The duty of information as criterion of acceptability in legal translations of web pages

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In this article we focus on the English-Spanish combination and we examine the legal content of web pages translated into Spanish so as to pinpoint their conceptual, stylistic and terminological features. We are especially interested in studying the spread of new legal concepts and forms of writing, and in discussing the acceptability of translations that do not respect the genius of the target language and thus go beyond the hybridity or interference that characterises all translation (Toury, 1995; Monzó 2002, 2005; Borja, 2005). Thus, we examine the issue of how translations more oriented to the source text are received or interpreted within the target legal system. In order to illustrate this claim we present, as parallel texts, some examples of translations of digital documents into Catalan. Given that Catalan and Spanish share the same legal system and therefore the same conceptual base; differences of a linguistic nature in the translations provide an opportunity to determine whether fidelity to the source text is compatible with the duty of information to receivers. The aim of this paper is to show that translations of legal content on websites do not take into account the legal framework of the target culture, which in turn could lead to problems of interpretation, or at least comprehension, on the part of the final receiver.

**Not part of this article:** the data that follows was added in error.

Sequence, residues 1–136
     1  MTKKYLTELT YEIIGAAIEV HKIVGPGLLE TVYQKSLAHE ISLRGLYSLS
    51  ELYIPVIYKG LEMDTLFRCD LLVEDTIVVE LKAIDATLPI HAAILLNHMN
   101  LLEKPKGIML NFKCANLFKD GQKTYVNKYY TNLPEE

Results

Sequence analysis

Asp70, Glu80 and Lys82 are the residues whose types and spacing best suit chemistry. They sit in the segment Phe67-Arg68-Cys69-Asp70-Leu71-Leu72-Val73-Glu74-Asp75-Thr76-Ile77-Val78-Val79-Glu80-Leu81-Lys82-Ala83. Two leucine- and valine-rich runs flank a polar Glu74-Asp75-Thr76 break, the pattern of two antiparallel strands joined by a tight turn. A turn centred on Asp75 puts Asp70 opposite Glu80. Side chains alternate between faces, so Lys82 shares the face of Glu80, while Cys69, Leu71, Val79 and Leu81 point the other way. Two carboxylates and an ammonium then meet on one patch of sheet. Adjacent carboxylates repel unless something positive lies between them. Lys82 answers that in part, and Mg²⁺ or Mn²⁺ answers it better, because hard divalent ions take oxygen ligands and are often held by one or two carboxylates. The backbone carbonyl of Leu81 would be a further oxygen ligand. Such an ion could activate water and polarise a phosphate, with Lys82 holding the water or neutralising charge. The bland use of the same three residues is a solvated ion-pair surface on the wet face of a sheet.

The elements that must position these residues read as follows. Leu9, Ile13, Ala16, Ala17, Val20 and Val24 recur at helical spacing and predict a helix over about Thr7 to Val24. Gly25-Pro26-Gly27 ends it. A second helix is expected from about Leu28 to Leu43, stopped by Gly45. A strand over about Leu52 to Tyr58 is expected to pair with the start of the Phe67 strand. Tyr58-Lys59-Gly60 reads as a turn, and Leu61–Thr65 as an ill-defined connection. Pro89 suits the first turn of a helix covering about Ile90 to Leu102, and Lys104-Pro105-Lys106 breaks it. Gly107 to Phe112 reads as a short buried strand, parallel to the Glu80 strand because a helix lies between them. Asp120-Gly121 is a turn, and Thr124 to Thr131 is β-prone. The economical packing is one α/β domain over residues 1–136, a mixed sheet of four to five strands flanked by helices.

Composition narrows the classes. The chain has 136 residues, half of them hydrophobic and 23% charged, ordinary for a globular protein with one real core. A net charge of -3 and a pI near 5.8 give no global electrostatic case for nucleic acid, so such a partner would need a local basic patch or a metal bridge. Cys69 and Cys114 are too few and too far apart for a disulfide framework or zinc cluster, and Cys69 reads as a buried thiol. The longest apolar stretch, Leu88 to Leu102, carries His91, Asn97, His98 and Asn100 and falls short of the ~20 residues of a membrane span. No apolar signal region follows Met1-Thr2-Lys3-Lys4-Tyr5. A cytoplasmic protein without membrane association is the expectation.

Original languageEnglish
Pages (from-to)225-241
Issue number19.2
Publication statusPublished - 1 Jan 2015


  • Corpus-based approach
  • Functional approaches
  • Legal language
  • Legal translation
  • Localization
  • Standardization

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